- Christian Fuscarino (he/him/his) is the Executive Director of Garden State Equality. He is affiliated with GLSEN and through this organization has worked with many Gay Straight Alliances (GSAs). In 2007, he joined the Pride Connections Center of New Jersey as a program developer serving gay inner-city youth, and in 2008 he founded The Pride Network, a national leadership development non-profit.
The panelists were first given the question of what educators can do in their classrooms to support LGBTQ+ students. Sikora called for teachers to simply be present.
Berrios added that because suicidal tendencies are higher in LGBTQ+ individuals, it's important to have "a listening ear and do more."
Wickline brought up the idea of slightly altering class introductions to include not just names, but also pronouns. Rivera proposed that education and inclusion should begin in elementary schools with children in Pre-K, as those years are when gender identity begin to form. She also mentioned inclusion for students with LGBTQ+ parents on holidays such as Fathers' and Mothers' day where students might have two dads or two moms and not be able to participate.
Fuscarino brought up the Equal Access Act, reassuring the educators in the room that "nine times out of 10, the law is on [their] side."
When it comes to inclusivity in curriculum, Fuscarino jumped on the question with the importance of health and sex education to ensure students of all genders and sexualities know the ins-and-outs of safe sex.
Since there seems to be naturally more visibility available in high schools, Sikora said that assemblies about respect and celebrations of pride should be the norm.
Sikora said, "If we can celebrate autism and Black History Month, we can celebrate LGBTQ+ students as well."
The next question was focused on what to do if a student comes out to teacher. Rivera said that one should feel honored if a student trusts them enough and that this information should be seen as sacred and private. The most important question that she would want an educator to ask would be, "How can I support you?" Affirming the student and giving them resources such as groups and social workers are also ideal responses.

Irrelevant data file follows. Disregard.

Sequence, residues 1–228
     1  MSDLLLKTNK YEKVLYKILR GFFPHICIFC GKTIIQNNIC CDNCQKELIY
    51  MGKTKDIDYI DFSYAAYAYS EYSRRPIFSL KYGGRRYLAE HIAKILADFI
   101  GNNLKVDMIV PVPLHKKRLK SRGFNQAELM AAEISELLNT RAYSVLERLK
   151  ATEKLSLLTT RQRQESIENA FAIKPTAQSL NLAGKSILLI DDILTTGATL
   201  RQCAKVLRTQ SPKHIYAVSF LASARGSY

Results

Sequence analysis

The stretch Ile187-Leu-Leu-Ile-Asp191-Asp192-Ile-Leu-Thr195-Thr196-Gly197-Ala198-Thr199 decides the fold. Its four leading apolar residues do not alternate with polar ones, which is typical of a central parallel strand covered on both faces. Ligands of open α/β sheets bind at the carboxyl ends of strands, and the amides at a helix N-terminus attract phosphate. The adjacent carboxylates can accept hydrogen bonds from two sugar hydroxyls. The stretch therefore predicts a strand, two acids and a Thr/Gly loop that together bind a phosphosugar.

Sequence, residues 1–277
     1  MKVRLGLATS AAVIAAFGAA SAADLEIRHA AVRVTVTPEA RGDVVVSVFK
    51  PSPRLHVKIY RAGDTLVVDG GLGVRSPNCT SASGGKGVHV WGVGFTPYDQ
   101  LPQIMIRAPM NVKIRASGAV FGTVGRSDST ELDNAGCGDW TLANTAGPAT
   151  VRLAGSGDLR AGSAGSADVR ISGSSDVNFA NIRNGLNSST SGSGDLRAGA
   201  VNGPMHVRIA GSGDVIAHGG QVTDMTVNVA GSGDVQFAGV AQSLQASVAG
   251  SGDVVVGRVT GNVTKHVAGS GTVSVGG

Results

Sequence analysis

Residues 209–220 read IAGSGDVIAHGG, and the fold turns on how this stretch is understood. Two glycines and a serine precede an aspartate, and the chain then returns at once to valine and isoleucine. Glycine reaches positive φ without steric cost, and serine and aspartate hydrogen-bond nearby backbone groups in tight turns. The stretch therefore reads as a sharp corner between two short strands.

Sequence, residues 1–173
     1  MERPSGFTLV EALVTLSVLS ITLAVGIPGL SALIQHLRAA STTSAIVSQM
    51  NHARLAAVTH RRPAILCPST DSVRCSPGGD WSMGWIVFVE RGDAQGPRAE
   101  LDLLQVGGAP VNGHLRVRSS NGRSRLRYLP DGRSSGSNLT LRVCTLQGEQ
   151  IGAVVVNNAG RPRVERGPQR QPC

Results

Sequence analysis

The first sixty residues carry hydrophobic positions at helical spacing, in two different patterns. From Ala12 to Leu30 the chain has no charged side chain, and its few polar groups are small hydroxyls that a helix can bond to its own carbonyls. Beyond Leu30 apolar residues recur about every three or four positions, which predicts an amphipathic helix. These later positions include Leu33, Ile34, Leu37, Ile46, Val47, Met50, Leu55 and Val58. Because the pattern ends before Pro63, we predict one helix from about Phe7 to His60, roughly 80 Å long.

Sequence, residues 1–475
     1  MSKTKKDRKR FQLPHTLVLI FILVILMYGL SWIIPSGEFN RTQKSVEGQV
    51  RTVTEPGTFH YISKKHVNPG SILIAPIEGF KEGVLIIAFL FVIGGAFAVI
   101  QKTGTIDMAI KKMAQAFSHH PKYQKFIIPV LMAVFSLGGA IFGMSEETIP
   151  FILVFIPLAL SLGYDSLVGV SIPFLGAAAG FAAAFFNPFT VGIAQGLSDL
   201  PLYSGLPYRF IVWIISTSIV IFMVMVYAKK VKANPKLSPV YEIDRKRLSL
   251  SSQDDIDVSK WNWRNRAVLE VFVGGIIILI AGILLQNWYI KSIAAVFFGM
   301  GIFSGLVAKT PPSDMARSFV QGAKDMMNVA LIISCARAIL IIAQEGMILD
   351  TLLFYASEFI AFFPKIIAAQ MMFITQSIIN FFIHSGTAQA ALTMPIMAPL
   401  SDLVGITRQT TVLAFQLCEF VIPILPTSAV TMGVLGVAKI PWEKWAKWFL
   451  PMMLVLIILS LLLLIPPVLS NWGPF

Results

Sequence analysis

Since elementary, middle school and high school students spend most of their time with their teachers, a safe space away from a home that might become dangerous or even violent if they came out is a necessity.
Wickline said not to react unless they are in immediate danger.
"You cannot promise a safe home," Wickline said.
Homelessness and poverty in the LGBTQ+ community is a current pressing issue and Rivera affirmed this by saying that, although kicking one's child out is an extreme reaction, it could happen to anyone—not just people of certain minority groups. Garden State Equality (GSE) works to make shelters available for homeless LGBTQ+ youth and are always a solid resource to give to members of the community.
Rabbi Appell weighed in on religion's role in the exclusion of LGBTQ+ people. However, there are many more denominations that accept LGBTQ+ individuals and affirm that they are also "made in the image and likeness of God". Kristofer mentioned the Unitarian Church in Summit, New Jersey on Union Avenue for those who might be interested.
When it comes to supporting transgender students, there is a lot people can do. Rivera said that it is important to help cisgender people, or people who identify with the gender they were assigned at birth, to understand the violence and discrimination that trans people have to face. Fuscarino added that organizations such as GLSEN and GSE have training programs that will come to schools and workplaces to educate people on the harsh reality that many trans people face.
There were a few audience questions, but one that stood out was about the Day of Silence.
The Day of Silence is a day to, "support those who have died while trying to use their voices by not using yours. It's to reflect on those we no longer have," Berrios said.
Wickline added that with her students, she has them research one person who died as a victim of homophobic or transphobic violence and then asks them to perform one act of kindness in the person's memory.
The general consensus among the panel was that there is so much more to be done for LGBTQ+ individuals in a post-marriage equality world.
The main things that the panelists wanted educators to take away was the importance of creating safe spaces for students and to not be afraid to learn and have more questions.
"Be the person you needed when you were younger," Berrios said.